I wandered out from my birthing place within Qeynos and began to get my bearings. To the east is the docks where years before I spent hours with my fishing rod on the rumour that a ruby could be found. To the west was the arena were millennia previous I had brought sacks full of “Gnoll Teeth” to a guard with a strange obsessive collection. My mind was full of memories, sights, and sounds. If I wasn’t as dead emotionally, a small tear would have rolled down my cheek as I realised that I was in the midst of my second chance at an EverQuest childhood.

Back to the Grindstone

Before long I found myself stumbling towards the all too familiar sight of the gates of Qeynos. I had noticed a dozen or so people pass me by on my inner-city tour but this was something else. As I approached the crescent arc that lead into a grassy plain that further promised the sights of Qeynos Hills, I saw a hundred or so players all in the pursuit of experience and wealth.

In many ways the scene that was unfolding in front of me was like something from the end of days. Players with existing subscriptions and those with resurrected subscriptions stood shoulder to shoulder; a large number of wild animals roamed freely outside the town-limits and my fellow Northanians were hunting them down with rabid haste. To my left was a small cluster of players half-naked and fighting for the scraps of a small rat that had the bad luck of spawning near them – to my right was a man clad in a robe and bear helmet proclaiming “will SoW for tips”.

Even in the good old days of EverQuest popularity, I had never seen the game brimming with so much activity. The “Out of Character” chat tab buzzed with chatter, the “Antonica” channel identically received such dues.  Paying close attention to the conversations being held, there was nothing, surprisingly, of how “World of Warcraft is shit” or how “questions are for noobs”. It sounds like a rose-tinted view of the game but everyone seemed gentle natured and in high spirits – all brought together by the simple fact of loving an old-game now brought back for their pleasure.

I spent an hour or so just talking and conversing with others over the chat channels. Of course except for the “/OOC” nothing like this existed before but it didn’t hinder the game any but instead brought the community together. There were exciting moments when rag-tag groups of Elves or Trolls somehow braved the wilderness to make the journey to the western shores of Antonica. I have genuinely never played an MMORPG with such a good atmosphere.

So with all smiles and retrospective glee aside, I decided to pit myself against the actual meat and potatoes of the game – the combat and the grind. Swallowing down the lump in my throat and checking my inventory for a sword, I headed into the killing-field that was now the grassy plain metres away from the limits of Qeynos. At first it was hard to find any kind of target but then it all came flooding back. I murdered a snake for scales, then I butchered a Gnoll Pup for his coins, and before long I was stacking up a sizable amount of experience.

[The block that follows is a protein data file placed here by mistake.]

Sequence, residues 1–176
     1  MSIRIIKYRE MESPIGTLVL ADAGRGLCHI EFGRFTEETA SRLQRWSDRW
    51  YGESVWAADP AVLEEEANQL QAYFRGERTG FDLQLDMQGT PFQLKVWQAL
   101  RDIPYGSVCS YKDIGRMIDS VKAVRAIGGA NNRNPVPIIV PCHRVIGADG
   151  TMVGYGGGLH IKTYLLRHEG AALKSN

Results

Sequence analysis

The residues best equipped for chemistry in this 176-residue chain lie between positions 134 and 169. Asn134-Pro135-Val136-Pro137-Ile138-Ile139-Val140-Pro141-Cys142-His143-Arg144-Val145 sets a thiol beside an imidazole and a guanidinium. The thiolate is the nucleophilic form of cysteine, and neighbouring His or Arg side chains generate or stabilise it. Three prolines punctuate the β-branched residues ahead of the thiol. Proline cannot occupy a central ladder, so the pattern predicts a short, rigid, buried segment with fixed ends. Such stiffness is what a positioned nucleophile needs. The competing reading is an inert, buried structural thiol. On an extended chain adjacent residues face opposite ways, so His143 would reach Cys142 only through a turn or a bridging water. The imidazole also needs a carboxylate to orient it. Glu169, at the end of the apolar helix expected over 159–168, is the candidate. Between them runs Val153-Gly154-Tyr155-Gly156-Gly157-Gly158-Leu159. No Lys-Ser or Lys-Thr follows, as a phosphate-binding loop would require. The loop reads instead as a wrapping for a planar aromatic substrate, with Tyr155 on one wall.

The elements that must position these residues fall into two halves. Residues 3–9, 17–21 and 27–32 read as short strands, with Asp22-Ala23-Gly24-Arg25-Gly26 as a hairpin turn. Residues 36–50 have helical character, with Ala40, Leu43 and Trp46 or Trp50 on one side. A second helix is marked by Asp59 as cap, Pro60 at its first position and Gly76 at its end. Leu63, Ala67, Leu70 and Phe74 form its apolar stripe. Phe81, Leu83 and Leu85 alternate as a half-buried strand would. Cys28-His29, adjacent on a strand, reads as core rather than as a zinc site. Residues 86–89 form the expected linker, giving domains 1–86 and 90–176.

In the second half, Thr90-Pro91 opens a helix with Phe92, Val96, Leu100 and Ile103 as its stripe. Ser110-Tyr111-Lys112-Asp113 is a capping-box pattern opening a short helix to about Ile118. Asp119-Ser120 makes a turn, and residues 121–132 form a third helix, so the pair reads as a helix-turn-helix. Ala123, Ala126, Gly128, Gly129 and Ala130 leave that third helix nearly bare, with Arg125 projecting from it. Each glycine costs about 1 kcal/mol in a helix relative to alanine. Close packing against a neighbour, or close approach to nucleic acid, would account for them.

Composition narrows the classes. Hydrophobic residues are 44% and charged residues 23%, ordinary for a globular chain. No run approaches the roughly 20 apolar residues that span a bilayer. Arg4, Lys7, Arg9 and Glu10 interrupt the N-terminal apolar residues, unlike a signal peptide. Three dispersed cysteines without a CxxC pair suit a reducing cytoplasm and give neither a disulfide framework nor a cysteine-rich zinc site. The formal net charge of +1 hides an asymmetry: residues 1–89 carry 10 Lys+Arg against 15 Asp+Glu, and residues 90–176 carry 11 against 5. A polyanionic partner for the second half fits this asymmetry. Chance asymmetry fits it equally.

Now of course, the combat, UI, and visuals of EverQuest are nothing much to shout about. The combat is nothing more than pressing “auto-attack” and throwing in a few “Kick” and “Bash” hot buttons. It is simple, it is laborious grind, but you know what? It didn’t seem to matter. Perhaps everyone was collectively riding a wave of golden-nostalgia, filled with familiar sound effects, and other such things – but it seemed genuinely entertaining. The goal of the game was so simple: gain experience. There were no real quests other than those found by certain players of keener memory, but it seemed like a real fun way of wasting your time.

Heading back to the general store to trade in my surplus bat wings and beetle eyes produced clucks of joy as I received a small amount of payment. Rather than heading back into a game that was archaic and too weather beaten to really comprehend playing; I found something still infinitely immersive and playable.

But this may be the result of certain changes that have been implemented in the intervening years of my play. The game now comes with a better system of menus and contextual windows. It also allows the player to collect platinum fairly easily without devaluing everything in the game. The infamous corpse-runs are also gone – a topic for much debate but as controversial as this view point is – they are not missed. EverQuest is still difficult, level 2 taking around an hour and a half alone to achieve, and to anyone with an actual social life will find themselves slogging to 50 for quite some time.

In all, in the 10 or so hours that I have put into EverQuest and its progression server have been infinitely enjoyable, pleasurable, and put an optimistic smile on my face. I for one am subbing after my free-play period has ended and I hope that any veteran or new player alike will join me. No time has ever been better to get back into Norrath. I’ll meet you in Black Burrow.


Adam Tingle